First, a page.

DiTerlizzi’s Cerebus is kinda… pathetic, really.

The first of these adventures, “Into the Land of the Dead,” is particularly bad, and my brain couldn’t help but make the connection between the “special thanks to Bill Slavicsek” and its contents, even if that’s unfair and he had nothing to do with it (McComb has certainly designed his fair share of clunkers for the setting). This adventure involves taking a low level party into Hades and begging the god to let a person return to life, which not only violates the rule that Powers shouldn’t be casually dealt with, it also makes going to the underworld super crazy easy. This adventure feels pulled straight from Tales of the Outer Planes, and I mean that as a big insult. 

The second adventure, “Militancy Justifies the Means” is better, giving an example of how to make something happen of interest in Bytopia (hint: it means bringing something in from elsewhere to wreck the joint), but I’m not so keen on the other two adventures either. One involves a prison break out of Carceri, which feels both not very fleshed out and like it’ll make for a pretty terrible situation for players afterward regardless of whether they succeed, the other of which involves visiting the Forbidden Plateau on the Beastlands, i.e. that place with all the dinosaurs. This requires both for players to be extremely high level, and for patience with a plot that doesn’t really make sense. Demons kidnapping dinosaurs is a good idea, but the reasoning here is pretty much straight nonsense. 

Behold the Buraq in all his hideousness. This is certainly the most terrifying piece of art in the set, maybe in all of Planescape, maybe in all of everything.

Finally, we come to the Monstrous Supplement, written by Monte Cook, and so a damn good read even if the monsters aren’t exactly what you’d call core. There’s a marked contrast between what’s here and the Planescape Monstrous Compendium II, which had a lot less storytelling. Here, nearly every entry is a piece of creative writing, such that even the utterly hideous buraq is entertaining to read about. My favorite inclusion is the Gautiere, a race betrayed by their God and with this exiled through plot machinations to Carceri. If your party lands on that plane, I’d set up an encounter with some of these just to bring their story into focus, as it’s just excellent planar lore. The Quesar, whose story is also partially told in the Elysium section, is equally worth bringing into any campaign, even if they’re not quite as original (they’re story’s kind of a standard sci-fi trope). None of the monster inclusions are totally bad, either, it’s just that the rest of them lack that extra special something these two races have.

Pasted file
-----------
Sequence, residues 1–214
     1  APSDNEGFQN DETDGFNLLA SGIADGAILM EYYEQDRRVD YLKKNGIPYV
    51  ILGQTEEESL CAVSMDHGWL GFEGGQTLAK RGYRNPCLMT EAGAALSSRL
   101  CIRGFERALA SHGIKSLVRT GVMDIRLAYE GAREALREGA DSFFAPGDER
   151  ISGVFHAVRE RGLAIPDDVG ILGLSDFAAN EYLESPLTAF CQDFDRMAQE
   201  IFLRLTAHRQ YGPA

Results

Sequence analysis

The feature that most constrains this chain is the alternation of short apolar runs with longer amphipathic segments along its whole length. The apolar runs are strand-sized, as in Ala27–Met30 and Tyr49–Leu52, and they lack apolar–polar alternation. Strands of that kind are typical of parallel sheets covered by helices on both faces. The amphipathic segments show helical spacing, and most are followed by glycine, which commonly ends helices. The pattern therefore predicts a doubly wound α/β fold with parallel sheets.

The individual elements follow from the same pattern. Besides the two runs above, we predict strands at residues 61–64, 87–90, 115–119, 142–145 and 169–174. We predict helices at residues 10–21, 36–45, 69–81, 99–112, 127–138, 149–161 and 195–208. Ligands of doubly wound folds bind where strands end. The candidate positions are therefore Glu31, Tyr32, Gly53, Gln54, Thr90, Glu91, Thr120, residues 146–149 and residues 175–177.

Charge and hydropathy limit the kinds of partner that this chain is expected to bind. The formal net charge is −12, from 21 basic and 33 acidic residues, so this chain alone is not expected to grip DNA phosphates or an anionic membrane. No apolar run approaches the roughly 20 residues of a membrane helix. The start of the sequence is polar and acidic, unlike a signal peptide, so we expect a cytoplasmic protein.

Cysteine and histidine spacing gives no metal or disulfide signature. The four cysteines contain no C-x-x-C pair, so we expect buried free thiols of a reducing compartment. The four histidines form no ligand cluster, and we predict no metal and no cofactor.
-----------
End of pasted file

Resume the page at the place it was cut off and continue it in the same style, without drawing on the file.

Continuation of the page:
Then we arrive at the maps, and fortunately here the set outdoes itself with the return of my favorite and yours, Rob Lazzeratti, drawing all six planes in full color beauty. This also means that there’s six map-backs filled with information as well, including a surprisingly detailed map of the City of the Star, a complete-ish version of the Sects so far mentioned by Planescape products, a rather nifty map of Khin-Oin (the Yugoloths’ tower built on spine of a murdered god), some more yugoloth information, a map of Sung Chiang’s Teardrop Palace, and an updated cosmographical table that does its best to mention every location so far detailed by any Planescape product. Whew. 

You’ve gotta love Hades’ funky planar arrangement.

In all, this box, like its predecessors… is pretty good. It is not great, sadly, and that is one of the disappointments of Planescape. It always felt like the setting could use a second edition, one that built off from these first ideas for the outer planes into something more complete. Planescape still feels a bit unsure of itself and directionless, and I think this comes from the too-many-cooks-in-the-kitchen issue mentioned earlier. When it became largely the work of two writers, the setting improved and gained some focus, but at the same time what they created was still reliant on these early works that sometimes struggled to figure out what made for good material. 

I don’t want to bash it all too much, but I must admit that my memories of these sets were a little bit too positive, imbued with nostalgia. They are worth having, Planescape’s boxes all being gorgeous and filled with at least a few surprising ideas, but at the same time they also feature plenty of repetition and information any DMs could’ve easily created themselves on the spot. Really, by now I’m ready for this foundational era of Planescape to be finished. The setting finally feels established, but the authors still feel unsure of what to do with this infinity of infinities and how to tell compelling stories in this space. Fortunately, that’s going to be changing very soon.